Mexico trembles as Dean intensifies to Category 5
Hurricane Dean strengthened into a rare and monstrous Category 5 storm Monday night as it roared down on the coasts of Mexico and Belize.
By 11 p.m. ET, Dean had sustained winds of 257 km/h and was centred about241 kilometres east of Chetumal, Mexico. The storm was forecast to make landfall there early Tuesday morning, according to the U.S. National Hurricane Center. Meteorologists warned of a potential storm surge offour tosix metres at the storm's centre, raising fears of flooding.
Thousands of tourists fled the beaches of the Mayan Riviera on Monday as Dean roared towards the ancient ruins and modern oil installations of the Yucatan Peninsula.
Mexico's state oil company Petroleos de Mexico decided to evacuate all 14,000 workers and shut down production on the offshore rigs that extract most of the nation's oil in the southern Gulf of Mexico.
Mexican President Felipe Calderon said he would cut short a trip to Canada where he is meeting with U.S. President George W. Bush and Canadian Prime Minister Stephen Harper.
"Given [the hurricane's] progression and dangerousness, I have decided to return to Mexico soon," Calderon said in Ottawa. "I'll personally oversee the aid effort in case of a disaster."
Hurricanes that reach Category 5 are in the highest classification of tropical cyclone and are considered to be the most catastrophic.
Earlier Monday, Dennis Feltgen of thehurricane centre told CBC News that Dean could cause "catastrophic damage"if itused the warm waters of the Gulf of Mexico as fuel to become a Category 5 storm.
"It's just about as bad as it gets," Feltgen said.
Only three Category 5 stormshave ever hit the U.S. since record-keeping began.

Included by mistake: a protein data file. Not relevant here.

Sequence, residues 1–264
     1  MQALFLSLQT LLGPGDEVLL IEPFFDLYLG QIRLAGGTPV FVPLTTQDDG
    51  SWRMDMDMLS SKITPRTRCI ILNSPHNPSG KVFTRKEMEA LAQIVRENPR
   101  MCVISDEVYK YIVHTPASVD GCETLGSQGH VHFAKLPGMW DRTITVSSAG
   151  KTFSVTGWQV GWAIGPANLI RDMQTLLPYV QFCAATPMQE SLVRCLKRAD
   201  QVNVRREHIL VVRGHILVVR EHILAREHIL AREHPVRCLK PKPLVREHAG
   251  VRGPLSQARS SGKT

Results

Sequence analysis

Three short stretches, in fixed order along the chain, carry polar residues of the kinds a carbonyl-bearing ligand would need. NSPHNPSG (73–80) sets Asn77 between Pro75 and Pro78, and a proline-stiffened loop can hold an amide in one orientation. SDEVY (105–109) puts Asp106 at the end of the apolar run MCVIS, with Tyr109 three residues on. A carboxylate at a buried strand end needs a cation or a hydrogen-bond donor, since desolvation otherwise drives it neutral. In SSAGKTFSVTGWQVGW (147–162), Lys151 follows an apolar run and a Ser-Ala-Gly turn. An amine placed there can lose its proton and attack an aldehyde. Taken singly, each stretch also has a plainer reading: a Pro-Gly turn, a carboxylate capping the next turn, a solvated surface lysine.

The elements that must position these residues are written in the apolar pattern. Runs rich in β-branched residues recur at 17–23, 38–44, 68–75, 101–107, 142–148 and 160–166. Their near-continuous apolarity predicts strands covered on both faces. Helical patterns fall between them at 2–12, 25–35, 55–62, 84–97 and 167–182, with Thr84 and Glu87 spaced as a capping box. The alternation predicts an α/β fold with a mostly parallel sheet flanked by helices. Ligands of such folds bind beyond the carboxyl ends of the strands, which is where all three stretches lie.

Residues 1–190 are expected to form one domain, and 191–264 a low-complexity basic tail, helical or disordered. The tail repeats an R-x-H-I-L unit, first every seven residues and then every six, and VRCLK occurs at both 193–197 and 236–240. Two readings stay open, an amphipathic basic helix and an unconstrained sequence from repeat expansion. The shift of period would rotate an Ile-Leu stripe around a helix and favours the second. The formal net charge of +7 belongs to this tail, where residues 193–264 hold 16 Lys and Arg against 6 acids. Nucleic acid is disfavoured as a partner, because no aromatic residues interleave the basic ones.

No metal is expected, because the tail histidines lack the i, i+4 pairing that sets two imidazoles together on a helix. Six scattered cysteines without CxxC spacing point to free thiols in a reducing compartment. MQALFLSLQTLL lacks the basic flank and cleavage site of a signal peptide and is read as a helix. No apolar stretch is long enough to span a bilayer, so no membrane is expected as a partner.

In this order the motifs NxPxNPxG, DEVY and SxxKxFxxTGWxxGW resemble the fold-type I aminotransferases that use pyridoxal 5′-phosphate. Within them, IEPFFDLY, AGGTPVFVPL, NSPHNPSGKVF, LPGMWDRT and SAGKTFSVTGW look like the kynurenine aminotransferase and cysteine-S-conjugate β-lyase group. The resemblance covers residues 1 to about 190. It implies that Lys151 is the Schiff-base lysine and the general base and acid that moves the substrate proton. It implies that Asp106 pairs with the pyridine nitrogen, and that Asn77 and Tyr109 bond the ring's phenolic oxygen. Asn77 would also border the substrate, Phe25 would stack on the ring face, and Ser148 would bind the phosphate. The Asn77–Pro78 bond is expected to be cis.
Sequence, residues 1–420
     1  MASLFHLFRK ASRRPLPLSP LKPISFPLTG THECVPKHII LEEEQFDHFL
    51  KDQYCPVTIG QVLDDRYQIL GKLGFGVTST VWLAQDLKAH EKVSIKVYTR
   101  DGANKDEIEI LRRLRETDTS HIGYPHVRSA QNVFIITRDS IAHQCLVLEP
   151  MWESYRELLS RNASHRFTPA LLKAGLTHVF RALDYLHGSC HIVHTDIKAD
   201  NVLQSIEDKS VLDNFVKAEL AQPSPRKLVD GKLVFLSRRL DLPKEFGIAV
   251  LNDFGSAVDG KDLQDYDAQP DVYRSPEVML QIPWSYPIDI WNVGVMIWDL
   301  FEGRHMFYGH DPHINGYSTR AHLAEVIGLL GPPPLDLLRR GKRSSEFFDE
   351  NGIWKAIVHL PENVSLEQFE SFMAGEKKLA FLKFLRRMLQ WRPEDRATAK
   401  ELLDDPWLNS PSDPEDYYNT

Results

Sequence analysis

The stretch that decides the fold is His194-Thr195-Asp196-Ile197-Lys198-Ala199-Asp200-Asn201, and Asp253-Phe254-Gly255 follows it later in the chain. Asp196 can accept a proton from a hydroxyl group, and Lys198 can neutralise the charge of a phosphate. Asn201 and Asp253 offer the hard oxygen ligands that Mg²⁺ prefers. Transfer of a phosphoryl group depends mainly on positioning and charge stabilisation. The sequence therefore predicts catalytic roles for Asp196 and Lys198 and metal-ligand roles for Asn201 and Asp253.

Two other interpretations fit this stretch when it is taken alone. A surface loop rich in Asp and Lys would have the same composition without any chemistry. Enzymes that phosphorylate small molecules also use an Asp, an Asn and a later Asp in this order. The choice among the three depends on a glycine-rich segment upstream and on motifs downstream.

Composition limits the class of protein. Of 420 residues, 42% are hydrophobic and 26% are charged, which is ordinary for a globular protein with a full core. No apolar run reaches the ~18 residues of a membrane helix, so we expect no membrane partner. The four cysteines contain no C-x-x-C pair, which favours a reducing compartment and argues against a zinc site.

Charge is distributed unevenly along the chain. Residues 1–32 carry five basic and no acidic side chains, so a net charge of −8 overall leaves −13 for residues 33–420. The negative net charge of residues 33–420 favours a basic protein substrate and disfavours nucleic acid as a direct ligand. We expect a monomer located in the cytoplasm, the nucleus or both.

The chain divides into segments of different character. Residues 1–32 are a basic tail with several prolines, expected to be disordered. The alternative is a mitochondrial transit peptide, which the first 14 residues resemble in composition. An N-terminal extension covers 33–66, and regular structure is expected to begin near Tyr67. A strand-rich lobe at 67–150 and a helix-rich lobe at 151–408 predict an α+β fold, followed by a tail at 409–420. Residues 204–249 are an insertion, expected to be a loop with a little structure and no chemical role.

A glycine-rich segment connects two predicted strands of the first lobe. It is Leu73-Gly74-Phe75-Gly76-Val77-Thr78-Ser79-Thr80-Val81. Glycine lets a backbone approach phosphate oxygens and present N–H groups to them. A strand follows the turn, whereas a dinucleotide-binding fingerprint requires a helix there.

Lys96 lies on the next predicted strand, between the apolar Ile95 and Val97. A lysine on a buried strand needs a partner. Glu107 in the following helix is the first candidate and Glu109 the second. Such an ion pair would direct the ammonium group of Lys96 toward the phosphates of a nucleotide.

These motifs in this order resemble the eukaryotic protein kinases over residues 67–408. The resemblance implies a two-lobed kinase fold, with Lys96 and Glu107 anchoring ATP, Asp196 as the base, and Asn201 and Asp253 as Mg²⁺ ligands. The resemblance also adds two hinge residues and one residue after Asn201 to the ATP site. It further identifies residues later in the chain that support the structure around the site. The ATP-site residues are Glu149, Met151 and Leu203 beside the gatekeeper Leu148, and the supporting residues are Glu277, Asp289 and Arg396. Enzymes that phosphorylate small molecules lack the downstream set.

Earlier, the storm battered Jamaica with heavy rains and winds up to 230 km/h, killing two people there even though it did not strike Jamaica with a direct hit. In all, Dean hasleft a trail of destruction across the Caribbean and has killed at least 12 people.
Tropical storm Erin kills 14
Elsewhere, tropical storm Erin wreaked havoc inOklahoma and Texas, where 14 people have died in floods.
The Jamaican government declared a month-long state of emergency as officials looked to restore power across much ofthe island and assess the extent of damage to homes and roads.
The first hurricane of the Atlantic season largely spared the neighbouring Cayman Islands from its fury on Monday after officials imposed a curfew and evacuated tourists from the British territory in anticipation of the storm.
Although forecasters expected the Mexican resort city of Cancun to be spared a direct hit, officialswere evacuating hotelsand arranged for extra flights to help tens of thousands of tourists leave before Dean's arrival, which was forecast for Tuesday.
"We're leaving. You don't play around with nature," said Maclovio Manuel Kanul as he pulled equipment out of his beachfront fishing shack near Cancun.
"We still haven't been able to recover from Wilma and now this is coming."
Belize evacuates 6,000 from main tourist spot
Canadian Farrah Gosselin, who co-owns a restaurant in the resort town of Playa del Carmen, saidpeople who have decided to remain in the resort town, which is 68 kilometres south of Cancun, were busy boarding up windows and preparing for the hurricane.
"Everybody's really calm," she said, adding that there were even people swimming and windsurfing in the ocean Monday.
"When the winds pick up and the sky turns black, that's when I'll feel a little bit of fear," Gosselin said.
In Belize,6,000 people were ordered to leave the country'smain tourist resort, San Pedro on Ambergris Caye,and 500 or sowere ordered to leavenearby Caye Caulker,national emergency co-ordinator James Jan Mohammed said.
Authorities also evacuated Belize City's three hospitals and were moving high-risk patients to the inland capital, Belmopan. Belize City Mayor Zenaida Moya urged people to leave, saying shelters aren't strong enough to withstand a storm of Dean's size.
With files from the Associated Press